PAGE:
I'm thisclose to having actually written a book! And I'm all excited about writing the second book in the series. And have started making notes about a third book. I'm a writer. I'm having the time of my life. How the heck did this happen?

Now I just need to do the same with LOSE WEIGHT.


Take THAT, Polar Vortex!

For the first time in many, many, many years (I say that because I'm not sure how many years) we are ready for winter BEFORE it hits!!

The harvest is in and dehydrated (we didn't plant much this year; too much other work to maintain a garden), the wood box is full, the plants are in the basement, and the animals are taken care of.

In all years past, we've ended up closing in the barn in sleet, snow, rain, cold and/or dark.  Not this year.

Yesterday was a balmy 70+ degrees, sunny and clear. We spent the day finishing closing in the chicken coop (including putting the lumber part of the roof in place--the actual tin has to wait for next year. Tarp for this year.) They should make it through the winter warm and dry. We also closed in the last of the barn, so all the animals down there should be cozy, too.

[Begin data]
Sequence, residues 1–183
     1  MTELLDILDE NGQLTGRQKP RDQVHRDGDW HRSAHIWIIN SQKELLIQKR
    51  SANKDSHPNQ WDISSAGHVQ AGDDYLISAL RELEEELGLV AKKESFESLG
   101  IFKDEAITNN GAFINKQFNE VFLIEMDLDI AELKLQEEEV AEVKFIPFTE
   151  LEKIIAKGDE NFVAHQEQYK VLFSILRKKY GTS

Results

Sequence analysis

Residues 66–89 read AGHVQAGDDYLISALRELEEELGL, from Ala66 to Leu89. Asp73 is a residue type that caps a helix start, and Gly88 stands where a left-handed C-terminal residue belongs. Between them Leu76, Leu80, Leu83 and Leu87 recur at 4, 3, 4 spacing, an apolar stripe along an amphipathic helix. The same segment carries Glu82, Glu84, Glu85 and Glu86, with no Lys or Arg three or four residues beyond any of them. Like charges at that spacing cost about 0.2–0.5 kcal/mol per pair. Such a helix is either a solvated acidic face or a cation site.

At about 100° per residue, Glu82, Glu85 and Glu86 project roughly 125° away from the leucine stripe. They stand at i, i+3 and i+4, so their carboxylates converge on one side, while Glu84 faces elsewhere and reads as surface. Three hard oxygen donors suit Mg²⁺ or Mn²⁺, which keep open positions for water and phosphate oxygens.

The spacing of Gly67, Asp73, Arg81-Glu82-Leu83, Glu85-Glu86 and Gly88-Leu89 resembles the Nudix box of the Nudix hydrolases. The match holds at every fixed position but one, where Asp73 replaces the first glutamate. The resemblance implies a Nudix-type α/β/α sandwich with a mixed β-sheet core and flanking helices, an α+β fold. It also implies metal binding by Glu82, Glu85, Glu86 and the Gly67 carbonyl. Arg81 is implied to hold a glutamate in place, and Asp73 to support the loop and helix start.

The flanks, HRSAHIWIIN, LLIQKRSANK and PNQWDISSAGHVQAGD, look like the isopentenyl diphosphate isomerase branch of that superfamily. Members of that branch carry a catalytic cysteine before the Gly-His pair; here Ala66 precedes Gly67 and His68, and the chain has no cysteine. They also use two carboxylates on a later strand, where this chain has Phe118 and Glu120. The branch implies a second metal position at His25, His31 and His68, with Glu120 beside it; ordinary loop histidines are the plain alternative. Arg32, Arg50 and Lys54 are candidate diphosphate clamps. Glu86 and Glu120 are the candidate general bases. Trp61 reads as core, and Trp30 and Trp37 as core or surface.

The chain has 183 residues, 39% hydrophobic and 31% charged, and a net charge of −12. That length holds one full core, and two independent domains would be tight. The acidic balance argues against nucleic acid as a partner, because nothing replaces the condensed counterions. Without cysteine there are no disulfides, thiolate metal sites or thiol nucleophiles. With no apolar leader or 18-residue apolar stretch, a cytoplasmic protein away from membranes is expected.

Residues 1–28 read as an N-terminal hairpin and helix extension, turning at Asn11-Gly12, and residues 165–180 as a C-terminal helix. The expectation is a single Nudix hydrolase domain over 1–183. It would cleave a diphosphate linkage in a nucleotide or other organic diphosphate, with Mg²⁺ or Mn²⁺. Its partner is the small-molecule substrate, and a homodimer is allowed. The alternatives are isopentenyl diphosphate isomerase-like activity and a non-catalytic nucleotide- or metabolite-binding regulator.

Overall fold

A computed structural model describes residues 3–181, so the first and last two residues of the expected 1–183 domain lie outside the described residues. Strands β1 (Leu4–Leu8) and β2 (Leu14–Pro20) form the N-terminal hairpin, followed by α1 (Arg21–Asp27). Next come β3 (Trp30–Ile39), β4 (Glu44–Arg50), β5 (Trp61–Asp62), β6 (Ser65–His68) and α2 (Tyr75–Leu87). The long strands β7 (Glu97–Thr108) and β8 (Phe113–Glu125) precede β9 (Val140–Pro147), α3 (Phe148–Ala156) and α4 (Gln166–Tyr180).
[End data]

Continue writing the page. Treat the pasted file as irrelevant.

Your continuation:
All I have left to do is stock up more hay (which has to wait for next paycheck) and get some sort of parking area graveled so the Durango doesn't go sliding sideways down the hill at the first snow.  And neither of those is really urgent or weather-dependent. We have some hay now and I can always park the Durango at the top of the hill like I have for the last 8 years.

Today is cold (high of 40 degrees), grey, and drizzly. It's supposed to freeze for the next week with snow forecast on Monday. Bring it on, Polar Vortex! We're ready for you!!


Wood, Glorious Wood

For the first time ever, we are heading into winter with a full wood shed!!!

The first building we built on the farm here, actually my first attempt at building anything EVER, was the wood shed (I don't count the barn, because it was assembled by the company I bought it from and I just screwed boards to the metal support poles to make the stalls.) I made lots LOTS of mistakes building it, but hey, that's what first buildings are for, right?! It was officially finished last year...which means that it finally got its tin roof instead of a tar-paper-over-plywood roof. Anyway, it is roughly 16 x 8, with the dog boxes and the kindling storage box tucked into one side. The roof is about 5 feet high on one end, and about 8 feet high at the other, due to the slope of our "level" ground. It holds give-or-take 5 or 6 cords of wood. And it has never been full of wood before.